Trade associations exist in virtually every significant industry in the US, from valve manufacturers, to pork producers, to mushroom growers, to travel agents, to refrigerated warehousers, to sign-makers, to frozen food freezers, to . . . yes, the recording and motion picture industries. What do these organizations do? They advocate for their members' interests. They lobby federal and state lawmakers, seeking tax breaks and fighting regulations. They seek to improve their industry's image, through PR and advertising campaigns. They conduct and publish research about industry trends. Sometimes they develop standards, so that, for example, their members' products can interoperate. And they litigate (either in their own or their members' names), pressing common industry goals through the courts or regulatory agencies.
What do trade associations not do? They do not devise new business models, or business strategies. And why is that? Because they're all a bunch of luddites who would rather go around "suing their customers" than innovating? Wrong. How about: because they do not want their employees to be sent to federal prison!
Here's what I mean: one of the first pieces of advice any antitrust lawyer will give to a businessperson is "exercise extreme caution when talking with your competitors." But what are trade associations all about? That's right: talking to your competitors. It's an environment that presents myriad opportunities for (both explicit and well-disguised) price-fixing, market allocation, group boycotts, bid-rigging, and other forms of potential antitrust violations that can result in massive civil judgments and even criminal convictions. So members of an industry cannot meet at their trade association headquarters and discuss on what terms they should distribute their goods, or what territories they should each sell into, or whom they should -- or should not -- do business with. As this helpful presentation on the antitrust implications of trade association activities advises, the following topics are to be avoided at trade association meetings:
- Prices, payment terms, costs, wages or salaries, profit levels
- Joint negotiation with customers or vendors
- Business strategy, bidding tactics
- “Announcements” of business strategies
- Market-place reactions to public policy
- Comments on how to react in the market-place
- “Areas of responsibility” like geographic regions, types of customers, or types of products
Of course, these are difficult waters to navigate, and the line between devising litigation strategies and business strategies is not always clear -- which is why major law firms have entire practice groups dedicated to advising trade associations how to stay out of antitrust trouble. So, if you work at a trade association, next time you are admonished to "wake up...and start focusing...on new business models," keep in mind that following such advice could well land you behind bars.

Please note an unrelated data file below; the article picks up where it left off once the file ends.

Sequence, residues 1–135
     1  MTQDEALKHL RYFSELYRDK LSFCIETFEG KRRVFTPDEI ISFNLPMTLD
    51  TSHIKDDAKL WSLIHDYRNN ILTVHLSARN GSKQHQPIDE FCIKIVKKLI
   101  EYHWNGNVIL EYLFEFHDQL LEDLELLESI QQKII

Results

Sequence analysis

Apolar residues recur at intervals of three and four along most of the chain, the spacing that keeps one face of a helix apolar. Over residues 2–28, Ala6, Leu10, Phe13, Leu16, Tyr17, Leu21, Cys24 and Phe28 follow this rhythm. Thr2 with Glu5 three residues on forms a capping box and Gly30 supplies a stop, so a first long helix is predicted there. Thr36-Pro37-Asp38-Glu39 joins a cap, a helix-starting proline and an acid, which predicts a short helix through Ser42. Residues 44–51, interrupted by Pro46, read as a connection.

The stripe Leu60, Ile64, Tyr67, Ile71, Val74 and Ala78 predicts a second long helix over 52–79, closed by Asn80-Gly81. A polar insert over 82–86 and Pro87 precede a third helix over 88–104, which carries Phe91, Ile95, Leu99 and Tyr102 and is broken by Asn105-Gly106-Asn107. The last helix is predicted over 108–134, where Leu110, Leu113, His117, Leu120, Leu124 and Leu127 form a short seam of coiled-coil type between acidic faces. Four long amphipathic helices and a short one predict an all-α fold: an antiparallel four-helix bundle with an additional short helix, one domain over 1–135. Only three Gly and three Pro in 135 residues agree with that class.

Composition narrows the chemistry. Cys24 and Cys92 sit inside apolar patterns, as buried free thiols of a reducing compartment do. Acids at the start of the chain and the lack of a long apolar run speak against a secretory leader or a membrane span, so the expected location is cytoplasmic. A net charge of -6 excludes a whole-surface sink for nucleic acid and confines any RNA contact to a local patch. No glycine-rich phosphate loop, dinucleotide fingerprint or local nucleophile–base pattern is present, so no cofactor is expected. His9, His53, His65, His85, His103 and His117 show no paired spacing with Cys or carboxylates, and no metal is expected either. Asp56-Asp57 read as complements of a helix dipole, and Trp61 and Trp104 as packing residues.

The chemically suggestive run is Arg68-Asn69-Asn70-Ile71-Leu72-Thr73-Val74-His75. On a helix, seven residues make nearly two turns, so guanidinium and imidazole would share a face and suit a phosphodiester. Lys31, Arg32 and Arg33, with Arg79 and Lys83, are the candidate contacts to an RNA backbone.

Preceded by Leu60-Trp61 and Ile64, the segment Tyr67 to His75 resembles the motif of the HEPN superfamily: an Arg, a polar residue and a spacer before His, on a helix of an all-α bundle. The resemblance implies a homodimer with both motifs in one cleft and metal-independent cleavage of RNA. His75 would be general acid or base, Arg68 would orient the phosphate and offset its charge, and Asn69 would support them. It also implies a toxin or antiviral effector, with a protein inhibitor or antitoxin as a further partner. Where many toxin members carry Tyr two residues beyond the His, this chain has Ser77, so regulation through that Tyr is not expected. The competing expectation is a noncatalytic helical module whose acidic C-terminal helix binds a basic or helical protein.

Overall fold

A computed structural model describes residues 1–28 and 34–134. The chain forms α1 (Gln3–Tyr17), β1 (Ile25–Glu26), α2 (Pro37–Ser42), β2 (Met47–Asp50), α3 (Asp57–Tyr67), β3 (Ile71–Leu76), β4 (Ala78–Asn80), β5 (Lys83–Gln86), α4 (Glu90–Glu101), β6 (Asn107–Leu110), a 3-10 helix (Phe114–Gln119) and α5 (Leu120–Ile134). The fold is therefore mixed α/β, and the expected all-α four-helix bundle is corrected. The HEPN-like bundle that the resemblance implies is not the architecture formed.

So why, despite antitrust laws, is it perfectly OK for competitors to get together to lobby and to litigate? Because such activity is protected by the First Amendment, the Supreme Court has held in a series of cases known collectively as the Noerr-Pennington doctrine. As the Supreme Court stated in the original Noerr case in 1961, "no violation of the [Sherman Antitrust] Act can be predicated upon mere attempts to influence the passage or enforcement of laws." So RIAA opponents can fulminate all they want that the labels' lawsuits (coordinated by the trade association) are an example of "collusive, cartel-like" activity -- but the courts recognize that these lawsuits are immunized from antitrust attack.
Lastly, it's always important to keep in mind that trade associations are, ultimately, creatures of their members. While they are separate corporate entities, their members pay the associations' bills, and ultimately control their conduct. Trade associations do not freelance. Trade association execs who defy their members are not long for this world. So Techdirt may say it's "ridiculous" to claim that the RIAA followed a certain strategy because "it's what the labels wanted," but it happens to be the truth. The minute the CEO of the RIAA -- or any trade association -- refuses to do what its members want, she will be out on the street.